When taking on sponsored clinical research projects at their study sites, principal investigators (PIs) both new to, and experienced with, such activity may want to prepare for the eventuality of having a study audited by the U.S. Food and Drug Administration (FDA) by, among many other steps, performing their own audits of the quality of any vendors whose services will touch the studies.
This safeguard against possible study complications originating from the actions of persons not even based at the site, but capable of drawing criticism from an FDA auditor in terms of impact on the safety of study participants, could include PI-driven audits of data collection technology/service providers, of caterers providing meals for subjects, and even of the institutional review boards used to provide ethics approval of studies.
Such was the suggestion of an attendee at today’s session on “So, You Want to Be an Investigator: The Other Side of the Coin,” presented at the ACRP 2016 Meeting & Expo in Atlanta, Ga. by Charles Pierce, MD, PhD, FCP, CPI, medical director for Pierce One Consulting; Norbert Clemens, MD, PhD, CPI, director of clinical operations for MetaCure Germany GmbH; and Randall Stoltz, medical director of a Phase I unit for Covance.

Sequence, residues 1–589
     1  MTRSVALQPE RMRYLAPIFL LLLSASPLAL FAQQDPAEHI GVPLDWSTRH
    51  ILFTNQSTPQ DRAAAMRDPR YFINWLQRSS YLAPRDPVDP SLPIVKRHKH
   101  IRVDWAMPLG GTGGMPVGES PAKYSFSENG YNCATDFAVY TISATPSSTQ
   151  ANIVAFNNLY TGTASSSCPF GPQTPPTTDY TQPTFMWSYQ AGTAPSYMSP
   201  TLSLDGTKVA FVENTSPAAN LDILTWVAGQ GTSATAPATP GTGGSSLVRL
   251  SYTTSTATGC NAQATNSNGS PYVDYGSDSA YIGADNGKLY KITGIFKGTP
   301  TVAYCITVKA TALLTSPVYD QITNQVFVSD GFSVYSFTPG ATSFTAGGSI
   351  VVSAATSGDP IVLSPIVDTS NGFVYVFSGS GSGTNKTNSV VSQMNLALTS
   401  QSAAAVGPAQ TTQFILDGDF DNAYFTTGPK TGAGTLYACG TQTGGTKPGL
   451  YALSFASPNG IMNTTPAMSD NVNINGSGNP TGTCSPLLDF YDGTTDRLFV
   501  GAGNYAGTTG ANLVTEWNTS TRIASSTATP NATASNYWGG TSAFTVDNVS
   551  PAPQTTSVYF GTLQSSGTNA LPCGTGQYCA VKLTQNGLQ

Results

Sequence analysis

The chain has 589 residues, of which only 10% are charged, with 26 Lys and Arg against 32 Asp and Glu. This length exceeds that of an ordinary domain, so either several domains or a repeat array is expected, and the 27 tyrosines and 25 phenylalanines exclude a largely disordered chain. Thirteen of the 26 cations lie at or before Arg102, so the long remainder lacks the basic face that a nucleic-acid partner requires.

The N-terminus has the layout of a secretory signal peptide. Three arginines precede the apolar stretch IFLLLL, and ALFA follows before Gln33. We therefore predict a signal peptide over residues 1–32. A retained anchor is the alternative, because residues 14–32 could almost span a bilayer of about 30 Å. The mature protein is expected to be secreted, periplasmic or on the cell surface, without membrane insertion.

According to the presenters, signing the FDA’s Form 1572 is the PI’s commitment in writing that she/he will be responsible for the study in question, including following the federal guidelines for the protection of the human subjects involved, interaction with the institutional review board(s) involved, and adhering to the details of the Investigational New Drug application to the FDA regarding adverse event reporting, record keeping, and being audit ready.
Through the 1572, the PI commits to the FDA to:
- Personally conduct or supervise the investigation in accordance with the protocol (to the letter)
- Ensure that all associates, colleagues, and employees assisting in the study conduct know their obligations
- Comply with all requirements/obligations, including preparation and maintenance of study records
- Inform the study participant of the investigational nature of the study
- Ensure that the informed consent process is clear and valid and all IRB requirements are met
- Accurately report all adverse events to the sponsor
- Read and understand the investigator’s brochure
Aided by enthusiastic audience interaction in a roundtable format, the presenters addressed many other factors that play into the PI’s role in clinical studies and how it differs from everyday clinical practice.